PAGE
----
You don’t believe in leaving any prisoners. In any case, the opening lead is the ♠6, East discarding a discouraging club. Plan the play.
Technically, the correct line is to win the ♠A and play the ♦A Q 10 at tricks two, three and four. This line works whenever diamonds break
3–3 or the ♦J or ♦9 appear under the ♦A Q. This line logs in at almost 55%. You score five diamonds, three spades (marked finesse) plus the ♥A. Alternative lines require a defensive error(s) if the hearts are 4–3 or in some cases when they are 5–2.
For example, you could win the opening lead cheaply in dummy and lead the ♣10. If the opponents win and switch to a diamond, you can lead a second club. If you are allowed to win this trick, you are home. You can play the ♦A Q and a diamond, scoring five diamonds, two spades, a heart and a club. However, if you lose a second club and a heart comesback, your chances of making this contract are slim. The same applies if you win the ♠A and lead a club. If they shift to a heart early before the ♦K has been played, you are in the twilight zone — you could go down when diamonds are 3–3!
Of course, it helps to know the skill level of your opponents on deals like this. When playing against strong opponents, the ♠A followed by the ♦A is best.
Thanks to Jeff Lehman of Newton MA for this one.
West leads the ♥Q (standard). East plays the ♥7. West has one spade. Plan the play.
As West is a heavy favorite to hold the ♣K for his first-seat 2♥ bid at unfavorable vulnerability (the ♥Q denied the king), strip the hand before attacking the club suit.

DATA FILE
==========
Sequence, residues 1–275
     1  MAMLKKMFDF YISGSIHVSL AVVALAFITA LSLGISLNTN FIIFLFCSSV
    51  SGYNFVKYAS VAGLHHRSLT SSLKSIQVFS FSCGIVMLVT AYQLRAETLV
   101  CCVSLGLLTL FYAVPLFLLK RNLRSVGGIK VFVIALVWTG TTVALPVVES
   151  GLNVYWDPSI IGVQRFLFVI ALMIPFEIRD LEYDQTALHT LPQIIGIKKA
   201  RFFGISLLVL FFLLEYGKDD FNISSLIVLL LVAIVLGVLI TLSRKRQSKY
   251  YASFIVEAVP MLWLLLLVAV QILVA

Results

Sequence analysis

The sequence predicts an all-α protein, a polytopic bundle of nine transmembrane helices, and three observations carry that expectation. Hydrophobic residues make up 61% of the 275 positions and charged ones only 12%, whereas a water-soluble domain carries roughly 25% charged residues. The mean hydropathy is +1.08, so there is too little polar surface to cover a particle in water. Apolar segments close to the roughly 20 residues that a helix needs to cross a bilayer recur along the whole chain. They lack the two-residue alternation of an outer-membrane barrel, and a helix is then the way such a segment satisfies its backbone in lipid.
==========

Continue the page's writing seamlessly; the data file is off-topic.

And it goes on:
After drawing trumps and ruffing a heart (leaving a higher trump in dummy), play four rounds of diamonds, discarding a club, reducing to this position:
Once you get a count on diamonds, you have a count on the entire hand. If West started with four diamonds, play West for ♣K x: Play the ♣A and a club to the queen. Even if West
has the expected K–x, he has to give you a ruff and a sluff upon winning the trick. And if East has the ♣K, the ♣Q will win the trick. If West started with three diamonds, he is down to three clubs and a heart. You have to hope that those three clubs are the K–J–10, and duck a club into West. If West started with the K–J–9, East can defeat the slam by inserting the ♣10.
The most interesting ending occurs when West started with two diamonds and four clubs. Unless there is a defensive error (or East has ♣J 10 doubleton, in which case you can play the ♣A and a club, ducking the second round), you need to find West with the ♣K J 10 x. Assuming K–J–10–x, West has to reduce to three clubs and a heart or four clubs. If West discards a low club, reducing to the K–J–10, duck a club into West.
If West discards the ♣10 (or ♣J), reducing to K–J–x, lead a low club from dummy and cover whatever East plays. If East plays the 9 from 9–x, cover with the queen. West, after
winning the king, will have to lead a club from the J–x (or give you a ruff and a sluff) allowing the ♣8 to take the contract-fulfilling trick. If East plays low, insert the ♣8, endplaying West after he wins the ♣J.
If West discards a heart, reducing to the ♣K J 10 x, while East remains with ♣9 x, play your last spade, forcing a club discard from West. If West discards a low club, duck a club into West’s K–J–10. If West discards a club honor, lead a low club and cover whatever club East plays. Don’t look now, but you have just executed a one-suited squeeze.
Thanks to Tim Bourke of Australia for this one.